Before the COVID-19 pandemic crippled the global economy with orders of lockdown to curb the spread of the virus, the robotics industry received $46 billion in funding. A total of $17.8 billion was earmarked to acquisitions and the $29 billion went into investments, according to recent figures published by global tech advisory firm ABI Research.
Two of the world’s biggest economies, China and the United States, account for 89% of all investment value, in terms of companies located in their various tech clusters. The state of California alone hosts 77 robotics vendors that were invested in, while the rest of the US had 88 companies. Other countries with considerable investment included Canada, Israel, Japan, and the United Kingdom.
“Despite not having commercialized their technology, autonomous passenger vehicle developers like Waymo, Cruise, Zoox, and company have continued to amass enormous funding from the corporate and VC (venture capital) world,” said Rian Whitton, senior analyst at ABI Research.
Aside from venture capitalists, a few major corporations have taken a significant interest in automation technologies, including Amazon with their investment in vision-based navigation developer Canvas Technology. Japanese corporation Softbank made a considerable investment in a variety of robot companies, including robotics service provider CloudMinds, hospitality robot developer Bear Robotics, and fulfillment automation company Berkshire Grey.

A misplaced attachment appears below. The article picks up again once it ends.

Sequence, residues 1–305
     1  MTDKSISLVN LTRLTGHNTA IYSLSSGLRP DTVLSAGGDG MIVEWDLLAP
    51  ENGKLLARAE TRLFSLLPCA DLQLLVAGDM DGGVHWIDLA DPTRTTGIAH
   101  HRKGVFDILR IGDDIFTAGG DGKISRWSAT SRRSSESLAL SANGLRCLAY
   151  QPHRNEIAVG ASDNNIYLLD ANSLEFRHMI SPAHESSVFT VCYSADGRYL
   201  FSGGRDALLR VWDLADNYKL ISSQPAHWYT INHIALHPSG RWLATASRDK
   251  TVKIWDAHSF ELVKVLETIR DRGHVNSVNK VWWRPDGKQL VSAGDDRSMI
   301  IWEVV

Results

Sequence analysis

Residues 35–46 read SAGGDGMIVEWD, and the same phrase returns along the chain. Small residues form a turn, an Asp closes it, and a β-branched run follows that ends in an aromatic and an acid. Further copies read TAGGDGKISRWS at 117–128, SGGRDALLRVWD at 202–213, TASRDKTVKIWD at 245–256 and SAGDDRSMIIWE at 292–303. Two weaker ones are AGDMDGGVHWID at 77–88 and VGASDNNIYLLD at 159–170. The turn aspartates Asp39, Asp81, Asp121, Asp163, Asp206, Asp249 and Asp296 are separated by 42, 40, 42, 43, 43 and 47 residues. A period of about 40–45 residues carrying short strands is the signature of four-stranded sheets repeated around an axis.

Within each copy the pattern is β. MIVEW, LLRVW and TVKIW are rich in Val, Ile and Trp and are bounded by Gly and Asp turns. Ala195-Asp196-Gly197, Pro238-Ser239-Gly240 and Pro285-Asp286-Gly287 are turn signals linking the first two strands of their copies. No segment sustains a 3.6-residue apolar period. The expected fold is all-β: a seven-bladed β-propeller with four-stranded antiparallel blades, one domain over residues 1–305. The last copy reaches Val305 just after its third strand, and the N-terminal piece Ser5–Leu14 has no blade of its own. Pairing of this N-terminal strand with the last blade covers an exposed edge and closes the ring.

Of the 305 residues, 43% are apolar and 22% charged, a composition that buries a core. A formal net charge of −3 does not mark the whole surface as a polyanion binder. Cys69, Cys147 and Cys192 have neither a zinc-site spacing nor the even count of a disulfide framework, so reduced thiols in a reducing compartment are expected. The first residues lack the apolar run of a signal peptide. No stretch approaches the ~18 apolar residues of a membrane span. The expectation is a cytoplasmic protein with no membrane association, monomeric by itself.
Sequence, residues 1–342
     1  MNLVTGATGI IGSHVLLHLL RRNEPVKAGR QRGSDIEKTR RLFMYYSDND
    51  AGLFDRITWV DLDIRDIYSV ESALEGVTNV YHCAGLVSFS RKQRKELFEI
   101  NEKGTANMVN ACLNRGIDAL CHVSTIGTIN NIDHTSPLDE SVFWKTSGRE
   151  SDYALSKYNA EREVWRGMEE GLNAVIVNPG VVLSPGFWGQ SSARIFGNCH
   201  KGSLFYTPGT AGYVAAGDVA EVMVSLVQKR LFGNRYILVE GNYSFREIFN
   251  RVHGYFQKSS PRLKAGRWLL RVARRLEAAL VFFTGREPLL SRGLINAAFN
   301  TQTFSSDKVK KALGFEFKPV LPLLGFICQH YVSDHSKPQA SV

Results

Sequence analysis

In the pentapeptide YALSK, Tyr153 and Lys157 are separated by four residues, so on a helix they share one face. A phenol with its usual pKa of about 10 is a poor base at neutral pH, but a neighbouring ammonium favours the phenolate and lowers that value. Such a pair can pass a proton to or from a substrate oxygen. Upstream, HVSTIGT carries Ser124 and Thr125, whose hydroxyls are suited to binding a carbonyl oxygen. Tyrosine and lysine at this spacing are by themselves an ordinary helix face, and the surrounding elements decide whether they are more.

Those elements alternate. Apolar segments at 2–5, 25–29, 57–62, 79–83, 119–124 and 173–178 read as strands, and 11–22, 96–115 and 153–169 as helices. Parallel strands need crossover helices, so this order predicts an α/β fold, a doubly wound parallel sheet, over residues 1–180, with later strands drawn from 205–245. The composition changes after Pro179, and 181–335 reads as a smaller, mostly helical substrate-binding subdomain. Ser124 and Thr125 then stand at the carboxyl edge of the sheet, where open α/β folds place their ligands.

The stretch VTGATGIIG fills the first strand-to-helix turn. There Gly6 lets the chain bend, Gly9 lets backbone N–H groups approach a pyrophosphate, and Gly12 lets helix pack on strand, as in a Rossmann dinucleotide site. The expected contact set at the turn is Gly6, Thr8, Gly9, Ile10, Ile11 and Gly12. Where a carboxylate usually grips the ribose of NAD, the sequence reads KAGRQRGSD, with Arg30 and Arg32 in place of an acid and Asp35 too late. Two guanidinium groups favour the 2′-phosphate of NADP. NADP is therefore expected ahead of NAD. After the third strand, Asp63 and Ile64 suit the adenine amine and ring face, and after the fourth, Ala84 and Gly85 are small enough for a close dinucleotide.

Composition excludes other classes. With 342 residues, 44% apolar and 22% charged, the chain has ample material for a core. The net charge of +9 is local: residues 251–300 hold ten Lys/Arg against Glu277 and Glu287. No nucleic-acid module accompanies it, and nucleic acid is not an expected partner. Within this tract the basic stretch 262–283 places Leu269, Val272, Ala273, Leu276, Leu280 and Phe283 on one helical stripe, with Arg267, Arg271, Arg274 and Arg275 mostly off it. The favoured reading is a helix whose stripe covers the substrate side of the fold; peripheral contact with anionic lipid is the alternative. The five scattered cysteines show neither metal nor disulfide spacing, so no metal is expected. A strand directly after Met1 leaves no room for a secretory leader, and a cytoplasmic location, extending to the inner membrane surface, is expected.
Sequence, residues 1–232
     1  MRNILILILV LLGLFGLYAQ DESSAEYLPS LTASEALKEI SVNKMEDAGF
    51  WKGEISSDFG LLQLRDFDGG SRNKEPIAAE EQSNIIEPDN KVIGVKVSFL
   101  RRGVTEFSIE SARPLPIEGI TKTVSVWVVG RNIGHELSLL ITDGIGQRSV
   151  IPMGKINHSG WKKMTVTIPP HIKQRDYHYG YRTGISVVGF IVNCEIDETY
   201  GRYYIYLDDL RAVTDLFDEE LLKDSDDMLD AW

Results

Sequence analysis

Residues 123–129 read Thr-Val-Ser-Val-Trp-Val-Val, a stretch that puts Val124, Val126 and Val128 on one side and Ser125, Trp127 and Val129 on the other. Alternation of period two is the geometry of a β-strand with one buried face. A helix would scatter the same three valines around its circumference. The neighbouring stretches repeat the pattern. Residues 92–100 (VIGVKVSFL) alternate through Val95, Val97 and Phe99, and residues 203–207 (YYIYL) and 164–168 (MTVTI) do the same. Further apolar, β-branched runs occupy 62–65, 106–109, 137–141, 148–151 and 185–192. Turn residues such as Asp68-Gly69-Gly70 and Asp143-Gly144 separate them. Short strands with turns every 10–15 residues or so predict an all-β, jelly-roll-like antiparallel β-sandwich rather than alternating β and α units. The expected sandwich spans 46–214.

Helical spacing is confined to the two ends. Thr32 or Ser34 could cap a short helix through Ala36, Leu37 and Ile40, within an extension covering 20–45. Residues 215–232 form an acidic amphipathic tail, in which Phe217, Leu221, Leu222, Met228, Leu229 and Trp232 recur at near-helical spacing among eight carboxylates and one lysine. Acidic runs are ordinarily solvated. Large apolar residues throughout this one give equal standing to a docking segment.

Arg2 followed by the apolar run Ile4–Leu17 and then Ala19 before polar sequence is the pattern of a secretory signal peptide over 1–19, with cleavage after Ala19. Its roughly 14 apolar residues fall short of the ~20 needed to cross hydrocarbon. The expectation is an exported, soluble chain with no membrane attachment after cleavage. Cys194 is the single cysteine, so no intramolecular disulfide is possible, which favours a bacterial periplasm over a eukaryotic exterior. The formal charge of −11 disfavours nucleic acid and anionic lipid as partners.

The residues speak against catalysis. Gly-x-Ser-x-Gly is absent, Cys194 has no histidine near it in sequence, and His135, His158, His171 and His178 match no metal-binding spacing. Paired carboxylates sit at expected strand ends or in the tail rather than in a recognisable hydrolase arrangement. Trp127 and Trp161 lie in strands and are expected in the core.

Drones, ground robots
FLIR, the thermal camera manufacturer, also invested heavily in drones and ground robots to shore up its solutions for security and industrial inspection. Among their acquisitions include Aerodyne Group and Endeavour Robotics, formerly part of iRobot.
“Major corporations understand that, while the robotics industry isn’t a short-term proposition, it will be the source of considerable productivity growth that will be necessary to compete in the future,” said Whitton.
The localization of funds to a few specific sectors is down both to the anticipated effect of the technology and the relative market power of major auto manufacturers like Toyota, health companies like Johnson & Johnson and E-retailers such as Amazon.
“Surgical robots also received huge funding, and have already been commercialized to a considerable extent, with Intuitive Surgical selling over 5,000 Da Vinci robot systems to date,” said Whitton.
Despite the scale of funding in 2019 growing considerably from the previous year, the impact of COVID-19 will likely mean it will be more challenging for many vendors to attract funding as investors wait to assess the likely scale of the economic downturn. Markets with easy route commercialization, like surgical robots and warehouse automation, could benefit from the crisis.
The autonomous passenger vehicle market could be adversely affected due to lack of business-readiness, though this has not prevented big investments in APV developers like Pony AI and Waymo in the first quarter.
Categories: artificial intelligence